Moses by John August Swanson. Image from Art in the Christian Tradition, a project of the Vanderbilt Divinity Library, Nashville, Tenn. Original source © 1983 by John August Swanson.
Like us on Facebook
Follow us on Twitter
Subscribe to us on YouTube
Subscribe to us on iTunes
Subscribe to our RSS Feed
Receive our Email Newsletter
Visit us at Luther Seminary
The Working Preacher app provides inspiration, interpretation, and imagination wherever you are, whenever you need it.
Faith as a Way of Life
Habakkuk 1:1-4; 2:2-4; 3:[3b-6] 17-19 Commentary
by Juliana Claassens
Habakkuk has in the past been deemed a dangerous book.1
Ulrike Bail writes that in 1940, a church newspaper in Basel Switzerland published a column under the title: “Word on the (Current) Situation” that included an excerpt from the book Habakkuk. The military censors banned the newspaper because they viewed this text as a critique of the Nazi regime of the time.
The book Habakkuk reflects an exceedingly traumatic time in Israel’s history. Not long before, the mighty Assyrian army destroyed one city after the other, brutally killing people. And we know that not long after Habakkuk was written, the Babylonians under king Nebuchadnezzar would three times attack Jerusalem, taking the leaders and skilled citizens into exile, and in 587 BCE, destroying the city and the temple. Indeed, violence is all around.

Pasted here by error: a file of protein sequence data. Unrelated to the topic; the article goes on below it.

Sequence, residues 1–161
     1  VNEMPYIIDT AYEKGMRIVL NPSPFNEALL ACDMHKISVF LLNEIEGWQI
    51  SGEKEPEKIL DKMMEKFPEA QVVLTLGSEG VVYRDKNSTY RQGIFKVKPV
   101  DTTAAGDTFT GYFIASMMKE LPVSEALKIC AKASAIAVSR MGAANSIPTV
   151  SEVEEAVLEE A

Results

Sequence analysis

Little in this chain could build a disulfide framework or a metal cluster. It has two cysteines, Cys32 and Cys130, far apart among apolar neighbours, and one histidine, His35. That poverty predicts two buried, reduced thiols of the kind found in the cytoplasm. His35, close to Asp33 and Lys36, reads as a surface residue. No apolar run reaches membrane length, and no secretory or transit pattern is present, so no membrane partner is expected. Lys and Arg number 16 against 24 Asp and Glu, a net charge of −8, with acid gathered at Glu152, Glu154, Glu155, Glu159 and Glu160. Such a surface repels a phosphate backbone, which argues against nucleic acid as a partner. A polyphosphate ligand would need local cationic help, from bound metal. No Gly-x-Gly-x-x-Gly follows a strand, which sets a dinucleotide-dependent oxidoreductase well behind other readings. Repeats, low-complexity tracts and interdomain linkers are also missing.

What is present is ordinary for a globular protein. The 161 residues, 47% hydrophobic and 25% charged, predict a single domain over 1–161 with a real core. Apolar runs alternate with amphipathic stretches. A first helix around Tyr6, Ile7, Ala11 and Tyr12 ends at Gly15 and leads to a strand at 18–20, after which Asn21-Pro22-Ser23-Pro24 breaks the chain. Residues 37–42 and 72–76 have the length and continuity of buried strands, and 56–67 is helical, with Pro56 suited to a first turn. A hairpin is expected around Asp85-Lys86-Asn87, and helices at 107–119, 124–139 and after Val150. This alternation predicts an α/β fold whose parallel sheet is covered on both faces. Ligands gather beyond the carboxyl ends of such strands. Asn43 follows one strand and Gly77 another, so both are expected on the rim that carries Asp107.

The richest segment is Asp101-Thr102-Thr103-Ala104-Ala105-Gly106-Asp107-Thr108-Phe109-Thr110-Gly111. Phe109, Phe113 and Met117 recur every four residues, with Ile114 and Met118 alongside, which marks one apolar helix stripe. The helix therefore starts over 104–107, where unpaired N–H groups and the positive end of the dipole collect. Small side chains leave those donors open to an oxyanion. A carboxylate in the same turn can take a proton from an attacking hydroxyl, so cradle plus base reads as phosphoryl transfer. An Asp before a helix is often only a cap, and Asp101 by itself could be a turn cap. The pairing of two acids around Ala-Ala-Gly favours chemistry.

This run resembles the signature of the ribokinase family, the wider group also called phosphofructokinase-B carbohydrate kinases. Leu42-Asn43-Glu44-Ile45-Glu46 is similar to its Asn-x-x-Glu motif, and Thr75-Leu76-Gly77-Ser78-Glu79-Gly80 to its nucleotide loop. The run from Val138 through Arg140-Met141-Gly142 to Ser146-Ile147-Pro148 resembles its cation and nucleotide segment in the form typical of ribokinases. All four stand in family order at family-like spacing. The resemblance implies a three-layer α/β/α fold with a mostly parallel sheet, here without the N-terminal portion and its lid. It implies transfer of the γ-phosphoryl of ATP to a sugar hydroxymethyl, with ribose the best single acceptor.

The lectionary text for today consists of three short pericopes from this fascinating book. In Habakkuk1:1-4 we see how the prophet looked around and is overwhelmed by all the violence he sees. In v 3, he asks why God is tolerating ...
| Bible Text
2018-19 Readings (Year 1)
2018-19 Worship Resources
Summer Readings (2019)
The narrative lectionary is a four-year cycle of readings. Read more.
NL Podcast 336: Faith as a Way of Life
December 02, 2018
Podcast on Habakkuk 1:1-4; 2:2-4; 3:[3b-6] 17-19, the Narrative Lectionary readings for Dec. 2, 2018 (Faith as a Way of Life) featuring Profs. Rolf Jacobson, Craig Koester, and Kathryn Schifferdecker. Recorded at Luther Seminary, Saint Paul, Minn., for Working Preacher.